- If possible, print the article before reading.
- As you read, circle or underline the names of people, organizations and important facts.
- Use your own words to answer the questions in complete sentences.
(by Angus Loten, Monica Gutschi and Phred Dvorak, The Wall Street Journal, wsj.com) OTTAWA – Canadian authorities said they found and foiled a terrorist bomb-making plot by three men here-one allegedly with links to the conflict in Afghanistan and another, a pathologist who auditioned for the TV show “Canadian Idol.”
The Royal Canadian Mounted Police [RCMP] arrested the trio of Canadian citizens after raids on their houses turned up schematics, videos, drawings, books and manuals for making explosives, said Serge Therriault, Royal Canadian Mounted Police officer in charge of criminal investigations.
The suspects-identified as Hiva Alizadeh, 30 years old; X-ray technician Misbahuddin Ahmed, 26, both of Ottawa; and hospital worker Khurram Syed Sher, 28, of London, Ontario-were charged Thursday with “knowingly facilitating a terrorist activity.”
“A vast quantity of terrorist literature and instructional material was seized, showing that the suspects had the intent to construct an explosive device for terrorist purposes,” said Mr. Therriault. The arrests Wednesday and Thursday “prevented the assembly of any bombs or terrorist attacks from being carried out,” he added.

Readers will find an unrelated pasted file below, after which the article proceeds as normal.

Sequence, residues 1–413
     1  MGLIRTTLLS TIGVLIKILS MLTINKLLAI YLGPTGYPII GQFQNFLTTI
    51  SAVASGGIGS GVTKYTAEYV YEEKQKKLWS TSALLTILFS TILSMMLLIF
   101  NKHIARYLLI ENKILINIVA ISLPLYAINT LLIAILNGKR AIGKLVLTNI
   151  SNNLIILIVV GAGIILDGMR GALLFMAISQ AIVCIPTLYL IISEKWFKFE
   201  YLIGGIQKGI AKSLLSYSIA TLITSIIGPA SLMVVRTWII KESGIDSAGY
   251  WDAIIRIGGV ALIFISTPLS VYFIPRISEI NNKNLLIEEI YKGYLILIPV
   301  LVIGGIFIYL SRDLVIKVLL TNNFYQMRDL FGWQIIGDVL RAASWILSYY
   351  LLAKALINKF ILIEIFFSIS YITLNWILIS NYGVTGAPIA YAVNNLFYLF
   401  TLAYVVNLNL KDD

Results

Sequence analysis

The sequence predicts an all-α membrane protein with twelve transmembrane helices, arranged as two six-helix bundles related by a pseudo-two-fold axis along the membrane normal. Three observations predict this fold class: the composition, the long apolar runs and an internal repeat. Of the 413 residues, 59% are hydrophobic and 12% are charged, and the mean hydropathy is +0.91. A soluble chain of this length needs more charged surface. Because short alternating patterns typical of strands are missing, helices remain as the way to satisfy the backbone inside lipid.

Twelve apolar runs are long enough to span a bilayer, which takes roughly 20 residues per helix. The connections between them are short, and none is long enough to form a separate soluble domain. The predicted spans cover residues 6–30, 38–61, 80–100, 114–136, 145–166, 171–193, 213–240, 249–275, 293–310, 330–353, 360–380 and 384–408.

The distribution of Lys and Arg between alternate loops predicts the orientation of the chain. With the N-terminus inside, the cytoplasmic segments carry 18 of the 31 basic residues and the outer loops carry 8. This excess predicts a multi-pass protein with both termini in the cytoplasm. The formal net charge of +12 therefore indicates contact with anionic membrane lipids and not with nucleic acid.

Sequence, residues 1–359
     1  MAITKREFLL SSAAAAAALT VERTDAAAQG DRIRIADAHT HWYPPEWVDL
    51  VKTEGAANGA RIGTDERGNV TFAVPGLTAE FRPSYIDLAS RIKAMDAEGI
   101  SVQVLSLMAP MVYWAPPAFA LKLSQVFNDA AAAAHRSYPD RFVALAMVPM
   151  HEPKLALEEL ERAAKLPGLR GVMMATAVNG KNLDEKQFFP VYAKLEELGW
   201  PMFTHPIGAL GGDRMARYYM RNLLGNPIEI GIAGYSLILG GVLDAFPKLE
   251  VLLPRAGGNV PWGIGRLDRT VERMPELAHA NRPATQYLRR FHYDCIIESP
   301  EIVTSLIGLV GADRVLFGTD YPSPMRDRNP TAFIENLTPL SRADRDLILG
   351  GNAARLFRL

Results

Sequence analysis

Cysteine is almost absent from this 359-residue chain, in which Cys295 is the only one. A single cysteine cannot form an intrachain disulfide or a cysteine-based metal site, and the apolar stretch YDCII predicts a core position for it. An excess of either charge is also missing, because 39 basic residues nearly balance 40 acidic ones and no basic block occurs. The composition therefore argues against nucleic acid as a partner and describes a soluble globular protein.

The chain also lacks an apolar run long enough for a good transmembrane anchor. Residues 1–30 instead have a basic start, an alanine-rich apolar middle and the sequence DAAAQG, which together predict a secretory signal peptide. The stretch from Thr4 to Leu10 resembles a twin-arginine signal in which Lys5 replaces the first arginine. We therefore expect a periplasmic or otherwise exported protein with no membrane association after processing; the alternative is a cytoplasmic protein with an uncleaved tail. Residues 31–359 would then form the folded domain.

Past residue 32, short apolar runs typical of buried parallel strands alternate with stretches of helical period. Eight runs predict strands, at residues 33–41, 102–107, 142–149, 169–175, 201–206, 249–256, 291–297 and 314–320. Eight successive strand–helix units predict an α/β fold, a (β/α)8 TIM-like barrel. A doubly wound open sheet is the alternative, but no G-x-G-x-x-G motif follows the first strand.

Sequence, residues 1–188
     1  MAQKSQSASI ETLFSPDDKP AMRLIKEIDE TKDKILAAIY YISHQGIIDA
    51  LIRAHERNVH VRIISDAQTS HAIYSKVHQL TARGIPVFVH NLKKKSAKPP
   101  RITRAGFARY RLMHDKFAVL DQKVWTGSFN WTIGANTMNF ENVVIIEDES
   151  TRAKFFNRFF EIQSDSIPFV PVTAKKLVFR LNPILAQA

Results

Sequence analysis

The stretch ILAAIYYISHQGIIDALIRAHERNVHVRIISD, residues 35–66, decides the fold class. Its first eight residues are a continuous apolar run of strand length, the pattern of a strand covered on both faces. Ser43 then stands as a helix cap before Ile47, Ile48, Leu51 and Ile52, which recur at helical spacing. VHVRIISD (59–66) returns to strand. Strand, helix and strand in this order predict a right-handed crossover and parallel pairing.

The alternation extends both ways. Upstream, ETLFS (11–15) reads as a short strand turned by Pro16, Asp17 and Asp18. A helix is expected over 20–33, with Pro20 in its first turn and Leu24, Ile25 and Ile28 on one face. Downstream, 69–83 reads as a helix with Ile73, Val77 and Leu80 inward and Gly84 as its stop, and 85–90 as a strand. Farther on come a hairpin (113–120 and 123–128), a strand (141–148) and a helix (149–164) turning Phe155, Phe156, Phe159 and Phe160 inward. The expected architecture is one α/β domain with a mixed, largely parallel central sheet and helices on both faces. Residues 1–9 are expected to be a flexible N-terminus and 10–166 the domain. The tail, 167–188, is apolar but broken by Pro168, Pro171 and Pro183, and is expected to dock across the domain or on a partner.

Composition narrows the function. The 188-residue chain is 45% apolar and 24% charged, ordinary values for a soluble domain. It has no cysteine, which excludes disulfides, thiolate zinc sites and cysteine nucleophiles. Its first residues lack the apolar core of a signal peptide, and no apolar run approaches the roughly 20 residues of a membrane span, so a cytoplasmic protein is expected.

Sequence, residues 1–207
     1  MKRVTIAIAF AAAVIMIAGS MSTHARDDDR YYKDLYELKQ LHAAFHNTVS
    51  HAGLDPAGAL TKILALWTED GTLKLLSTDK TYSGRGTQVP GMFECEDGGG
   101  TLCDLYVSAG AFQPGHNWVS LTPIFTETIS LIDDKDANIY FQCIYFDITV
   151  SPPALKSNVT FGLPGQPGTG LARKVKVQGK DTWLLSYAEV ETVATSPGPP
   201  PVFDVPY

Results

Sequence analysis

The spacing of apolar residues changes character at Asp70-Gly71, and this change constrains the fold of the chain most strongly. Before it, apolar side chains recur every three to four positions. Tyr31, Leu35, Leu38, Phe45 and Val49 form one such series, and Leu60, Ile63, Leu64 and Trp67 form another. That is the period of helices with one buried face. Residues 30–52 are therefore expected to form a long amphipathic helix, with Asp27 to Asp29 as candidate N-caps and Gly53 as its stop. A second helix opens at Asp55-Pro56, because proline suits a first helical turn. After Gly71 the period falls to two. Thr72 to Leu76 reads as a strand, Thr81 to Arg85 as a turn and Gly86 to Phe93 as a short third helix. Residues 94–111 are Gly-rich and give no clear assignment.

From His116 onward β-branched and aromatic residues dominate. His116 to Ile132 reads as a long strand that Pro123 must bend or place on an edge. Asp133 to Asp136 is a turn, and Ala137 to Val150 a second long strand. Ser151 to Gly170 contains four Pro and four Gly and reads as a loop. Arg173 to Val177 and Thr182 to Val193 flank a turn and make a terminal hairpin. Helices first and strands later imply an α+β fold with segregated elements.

The trio were working with an “ideologically inspired terrorist group” with links in Iran, Afghanistan, Dubai and Pakistan, the RCMP said. While officials would not say whether the trio had links to al Qaeda, they were driven by “violent Islamist ideology,” according to Raymond Boisvert, assistant director of the Canadian Security Intelligence Service, the country’s spy agency.
Mr. Alizadeh had been trained in bomb-making abroad, the RCMP said, although it wouldn’t disclose the country.
Police didn’t specify any target, but said the RCMP had been concerned for the safety of Ottawa residents.
The RCMP wouldn’t disclose where the three suspects were born or when they immigrated to Canada, if they weren’t born there. Mr. Sher said he was from Pakistan on a YouTube video of his “Canadian Idol” audition. Mr. Alizadeh took English-as-a-second-language classes at River Red College in Winnipeg, Manitoba, the college spokesperson says, adding that he doesn’t know where he was from. The spokesperson at the hospital in Ottawa where Mr. Ahmed works said he couldn’t disclose personal information due to Canadian privacy laws.